Published by HarperTeen on June 7, 2016
Genres: Fantasy, Alternate History
The comical, fantastical, romantical, (not) entirely true story of Lady Jane Grey. In My Lady Jane, coauthors Cynthia Hand, Brodi Ashton, and Jodi Meadows have created a one-of-a-kind fantasy in the tradition of The Princess Bride, featuring a reluctant king, an even more reluctant queen, a noble steed, and only a passing resemblance to actual history—because sometimes history needs a little help.
At sixteen, Lady Jane Grey is about to be married off to a stranger and caught up in a conspiracy to rob her cousin, King Edward, of his throne. But those trifling problems aren’t for Jane to worry about. Jane is about to become the Queen of England.
I loved My Lady Jane. I fell in love with it as soon as I read the dedication:
For everyone who knows there was enough room for Leonardo DiCaprio on that door.
And for England. We’re really sorry for what we’re about to do to your history.
That really sets the tone for the entire novel. And FYI: This doesn’t have anything to do with Jack’s needless death in Titanic.
Basically, the Lady Janies (as the three authors call themselves) decided that Lady Jane Grey’s life wasn’t fair. In reality, she was Queen of England for nine days before she was beheaded by Mary. So the Lady Janies wanted to change that. And insert some magic. And the result was fabulous. So let’s talk about it.
First of all, Jane was the best character. Mostly because she was a major bookworm, and I could relate to her on a deep, spiritual level.
Jane…loved books. There was nothing she relished more than the weight of a hefty tome in her hands, each beautiful volume of knowledge as rare and wonderful and fascinating as the last. She delighted in the smell of the ink, the rough feel of the paper between her fingers, the rustle of sweet pages, the shapes of the letters before her eyes. And most of all, she loved the way that books could transport her from her otherwise mundane and stifling life and offer the experiences of a hundred other lives. Through books she could see worlds.
ISN’T THAT A GREAT QUOTE? And that love of books is portrayed throughout the novel. Even in how other people think of her. When her marriage is arranged, her fiancé scoffs because he’s only known Jane as a girl with her nose buried in a book. Which obviously means she must have something wrong with her. People sometimes think stuff like that in real life, so it was good to see it portrayed and then see how his opinion changed once he knew her.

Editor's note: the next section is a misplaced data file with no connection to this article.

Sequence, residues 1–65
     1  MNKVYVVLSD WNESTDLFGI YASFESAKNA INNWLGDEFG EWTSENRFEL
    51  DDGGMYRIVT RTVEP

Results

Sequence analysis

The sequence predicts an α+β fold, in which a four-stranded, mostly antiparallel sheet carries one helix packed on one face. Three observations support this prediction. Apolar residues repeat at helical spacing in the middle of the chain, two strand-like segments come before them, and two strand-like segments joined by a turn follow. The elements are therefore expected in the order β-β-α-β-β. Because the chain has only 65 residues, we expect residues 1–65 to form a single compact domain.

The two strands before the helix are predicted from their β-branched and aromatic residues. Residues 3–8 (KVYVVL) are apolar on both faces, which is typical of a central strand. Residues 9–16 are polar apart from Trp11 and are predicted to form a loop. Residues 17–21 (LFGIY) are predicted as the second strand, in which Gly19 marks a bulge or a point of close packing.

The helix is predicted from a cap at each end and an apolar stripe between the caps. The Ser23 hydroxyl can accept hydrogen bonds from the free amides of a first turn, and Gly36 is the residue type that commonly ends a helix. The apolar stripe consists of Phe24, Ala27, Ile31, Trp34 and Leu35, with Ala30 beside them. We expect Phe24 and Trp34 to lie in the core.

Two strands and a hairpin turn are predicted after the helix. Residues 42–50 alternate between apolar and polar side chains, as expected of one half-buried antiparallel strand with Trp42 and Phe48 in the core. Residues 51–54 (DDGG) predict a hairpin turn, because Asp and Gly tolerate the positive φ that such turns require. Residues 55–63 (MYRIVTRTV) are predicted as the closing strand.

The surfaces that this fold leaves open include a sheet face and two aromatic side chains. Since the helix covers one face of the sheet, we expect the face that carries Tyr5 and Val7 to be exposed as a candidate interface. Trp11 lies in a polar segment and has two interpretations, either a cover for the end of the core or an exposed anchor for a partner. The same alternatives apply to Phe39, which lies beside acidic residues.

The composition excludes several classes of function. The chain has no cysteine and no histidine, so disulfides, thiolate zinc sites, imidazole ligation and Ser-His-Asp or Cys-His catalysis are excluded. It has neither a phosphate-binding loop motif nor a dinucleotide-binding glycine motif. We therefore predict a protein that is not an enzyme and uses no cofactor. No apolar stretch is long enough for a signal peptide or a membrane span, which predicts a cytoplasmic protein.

I loved how the Lady Janies decided to change history. Instead of using the whole Protestant vs. Catholic feud that led to all the war in real Tudor England, the Lady Janies created a unique magic system to represent the two sides. There were the E∂ians (pronounced Eth-y-uns) and the Verity. The E∂ians could transform into an animal—everything from a lion to a ferret. And the Verity wanted to rid England of all E∂ians. Jane was on the side of the E∂ians, and Mary was Verity. So, in real life, Jane was Protestant and Mary was Catholic.
And I think that’s such a cool way to go about it—especially in a YA novel. Magic is so much more fun to read about than religious wars. And it’s a unique system of magic we’ve never seen before.
And the humor was hilarious. This book was so funny—not something you can say about most historical fictions that end in a brutal and bloody war. The authors injected themselves into the stories sometimes with these humorous moments, and I thought it was wonderful.Like these lines:
“Yes, Gracie was a fox. No, really. She was. Literally. (We know. It’s too good.)”
“He pretended to stretch his arms, in order to shift even closer to her. (This isn’t in the history books, of course, but we’d like to point out that this was the first time a young man had ever tried that particular arm-stretch move on a young woman. Edward was the inventor of the arm stretch, a tactic that teenage boys have been using for centuries.)
And one of my personal favorites:
“The guard on the right re-raised his sword and took a deep breath as if to speak, but he didn’t get a sound out before a loud bong rang out and he dropped like a stone. Jane stood behind the guard, her frying pan raised to where the man’s head had been.
‘Wonderful, Jane!’ G grinned. Frying pans. Who knew?”
And I loved Gifford and Jane’s relationship. Gifford is the guy who was arranged to marry Jane. This story he goes by “G.” Earlier in the book, I was hesitant about his name, but then later, I wrote a note that says, “I’m warming up to the name Gifford.” Mostly because I started to love him. Jane and G are both pretty stubborn and don’t like each other in the beginning, but things change. Especially when you live with them and learn all their secrets. And G is awesome for a myriad of reasons, which I’ll let you realize when you read the book (because you’re going to read the book, right?).
I just really loved this book. I have no complaints. If you read it, you can’t take it seriously as an accurate historical novel. Because it’s not. It follows pretty well (besides the whole magic thing) until the second half, where the authors make it very clear that it’s steering clear from the truth of history. But that’s what’s fun about books, right? They take us to places we didn’t know we could go. And we have fun doing it. SO GO READ.